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RE: [Caml-list] RE: OCaml on CLR/JVM?
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Date: -- (:)
From: Chris Tilt <cet@w...>
Subject: RE: [Caml-list] RE: OCaml on CLR/JVM?
 This is a valuable discussion and I appreciate both views
on the subject. I am using OCAML in a commercial development
with great success and continue to benefit from the excellent
work by the research community. The OCAML team and it's
contributors have always been friendly and helpful to industry.

In addition, we have employed recently a prominent researcher
in functional programming. It was very valuable for both our
commercial entity and the visiting researcher to share perspectives
in a collaborative environment. We gained insight and high
quality code while the researcher gained an inside view into
the needs and activities of a recent commercial effort where
functional programming has strong merit.

On the subject of who leads long term research (industry vs.
institutions), I am dissapointed with the lack of functional
programming exposure taught in undergraduate studies. It is
very difficult to find programmers who have any history at
all with this approach.

Until institutions give equal time to functional, industry
will be unaware of it. Further, research funding in that
area will suffer. Microsoft, etc., will have no pressure to
support it in work such as .NET. To my understanding, there
were functional programmers employed on that project, but
the pressure from industry is too small to influence the

The process of adopting long-term a functional approach is
going to be slow, but can be sped up if institutions produce
graduates who have higher expectations of productivity
through exposure to modern languages. I will help in any way
that I can as I feel much appreciation to this community
for our success, however it must start in education.

Thank you for listening.


-----Original Message-----
From: John Max Skaller
Sent: 2/16/01 8:54 AM
Subject: Re: [Caml-list] RE: OCaml on CLR/JVM?

Fabrice Le Fessant wrote:

> There is an HUGE difference between open source and standards. The
> first one can always freely evolve, while being used freely by many
> users. Standardized ones cannot evolve anymore, or need the company
> agreement to be modified. Compatible software will always have to
> follow the company new developments, and thus will never be truely
> achieved. This is one of the -many- drawbacks of Java.

	I do not agree, although you seem to be using a wrong example.
Standardised systems can and do evolve. The evolution consists of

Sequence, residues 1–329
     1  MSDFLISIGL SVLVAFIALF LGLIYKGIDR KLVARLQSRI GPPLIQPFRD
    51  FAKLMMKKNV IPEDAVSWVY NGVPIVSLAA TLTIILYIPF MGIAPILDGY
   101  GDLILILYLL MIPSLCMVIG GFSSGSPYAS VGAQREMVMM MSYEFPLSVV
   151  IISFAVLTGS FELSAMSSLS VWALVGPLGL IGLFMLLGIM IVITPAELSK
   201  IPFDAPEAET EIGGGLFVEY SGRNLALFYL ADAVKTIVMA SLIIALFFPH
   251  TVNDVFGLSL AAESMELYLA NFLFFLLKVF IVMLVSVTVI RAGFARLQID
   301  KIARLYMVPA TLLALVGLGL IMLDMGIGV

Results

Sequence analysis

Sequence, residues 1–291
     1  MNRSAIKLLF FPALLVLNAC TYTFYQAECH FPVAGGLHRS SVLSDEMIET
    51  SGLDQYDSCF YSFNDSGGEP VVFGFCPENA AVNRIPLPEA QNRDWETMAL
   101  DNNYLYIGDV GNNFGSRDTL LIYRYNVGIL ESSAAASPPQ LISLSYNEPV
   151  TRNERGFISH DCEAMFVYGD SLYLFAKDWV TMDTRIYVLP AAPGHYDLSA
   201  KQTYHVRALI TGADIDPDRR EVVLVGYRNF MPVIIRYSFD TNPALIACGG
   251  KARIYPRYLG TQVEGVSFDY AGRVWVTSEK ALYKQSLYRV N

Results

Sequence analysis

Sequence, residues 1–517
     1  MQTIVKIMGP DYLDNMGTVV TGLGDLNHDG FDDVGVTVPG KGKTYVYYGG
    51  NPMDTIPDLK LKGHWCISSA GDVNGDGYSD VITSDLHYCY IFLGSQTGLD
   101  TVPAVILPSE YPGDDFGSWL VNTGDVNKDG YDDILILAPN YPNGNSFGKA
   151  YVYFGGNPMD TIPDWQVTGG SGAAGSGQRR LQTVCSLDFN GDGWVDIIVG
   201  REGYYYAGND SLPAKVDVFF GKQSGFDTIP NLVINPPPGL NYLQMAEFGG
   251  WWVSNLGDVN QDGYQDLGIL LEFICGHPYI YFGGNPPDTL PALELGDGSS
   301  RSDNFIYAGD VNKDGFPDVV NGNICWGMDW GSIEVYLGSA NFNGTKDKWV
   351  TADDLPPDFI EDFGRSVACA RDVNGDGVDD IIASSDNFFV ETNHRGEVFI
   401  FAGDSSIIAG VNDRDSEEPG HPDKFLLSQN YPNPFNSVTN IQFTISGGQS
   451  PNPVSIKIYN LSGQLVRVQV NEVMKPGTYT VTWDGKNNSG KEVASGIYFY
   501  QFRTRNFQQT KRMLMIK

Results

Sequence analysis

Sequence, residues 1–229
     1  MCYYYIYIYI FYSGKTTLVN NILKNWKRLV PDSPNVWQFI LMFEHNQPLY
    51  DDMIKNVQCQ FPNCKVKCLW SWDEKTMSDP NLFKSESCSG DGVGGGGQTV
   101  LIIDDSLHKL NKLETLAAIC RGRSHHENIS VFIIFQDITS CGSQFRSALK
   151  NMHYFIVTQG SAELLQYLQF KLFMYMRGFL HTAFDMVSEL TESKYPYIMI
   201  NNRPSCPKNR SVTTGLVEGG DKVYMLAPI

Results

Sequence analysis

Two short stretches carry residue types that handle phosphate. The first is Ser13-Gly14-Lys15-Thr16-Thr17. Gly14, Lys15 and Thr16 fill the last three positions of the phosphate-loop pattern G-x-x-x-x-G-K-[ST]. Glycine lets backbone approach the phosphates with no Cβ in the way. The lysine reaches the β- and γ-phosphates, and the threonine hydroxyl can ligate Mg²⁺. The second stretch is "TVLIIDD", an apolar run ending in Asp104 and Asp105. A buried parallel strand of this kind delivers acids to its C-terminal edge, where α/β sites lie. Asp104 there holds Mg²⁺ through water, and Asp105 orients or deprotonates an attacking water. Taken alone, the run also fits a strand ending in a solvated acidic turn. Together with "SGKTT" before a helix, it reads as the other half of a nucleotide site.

experiment, discussion and consensus formation, followed by
by many parties, followed by error reporting (Note I mean
errors in the specification: the 'standard')

	But what you describe as drawbacks of Java (with which I might
agree), but Java is _not_ a Standardised language, at least in the
sense of being approved by a standards processes within a recognized
standards body (such as ISO, IEC, ...).

> The problem is that .NET is a commercial product. So, the question is:
> should we spend our time porting Ocaml to all new commercial VMs (not
> only MS ones, of course) ? 

	Of course not. But .NET is being sponsored by a major player
and we can expect a significant number potential of Ocaml users.

	Please do not forget that programming is principally
a commercial activity, and that those of us who
indulge -- even part-time -- in research activities, is 
relatively small (and lucky :-)

> One time again, commercial issues have dominated scientific
> reasons.

	Of course: science requires funding: it too
is a commercial activity, it must compete, and it doesn't
always win the competition. :-)

> CLR has been released too early, and will be standardized too
> early, while big problems are still remaining: no polymorphism,
> object-oriented approach in the bytecode, ... This should have been
> discussed first, not in the next version !

	I agree.

> Of course, it won't change my mind. I will always think that public
> research and commercial research have different goals...

	Of course they do, because they differ in their funding models.
Generally, public institutions can be more long sighted than commercial
ones, whereas commercial ones have more dynamic growth patterns and
so must be more short-sighted.

	However, one should be rightly annoyed at larger corporations,
since they rival public institutions in size and stability, but seem
to lack the capacity for long term research. And perhaps this is partly
the fault of the public institutions for remaining too aloof from
the commerical world.

	I believe this creates a tension in which the commercial players
put pressure on public institutions (like ISO, academia), for a more
'commerical' approach. And perhaps one could ask how to best direct
pressure on those companies, to take a more long sighted view in return,
and work with the public intitutions better in the area of research.

	The only way I know how to do this is for those who see 
commerical merit in research to work in and for the commercial entities,
since they are organisations of people too. :-)

	To put this argument another way: we will do better to 
convince the commercial programmers of the world that the Ocaml way is
better if it is actually available on the platform they use to
implement commercial solutions. 

John (Max) Skaller,
10/1 Toxteth Rd Glebe NSW 2037 Australia voice: 61-2-9660-0850
checkout Vyper
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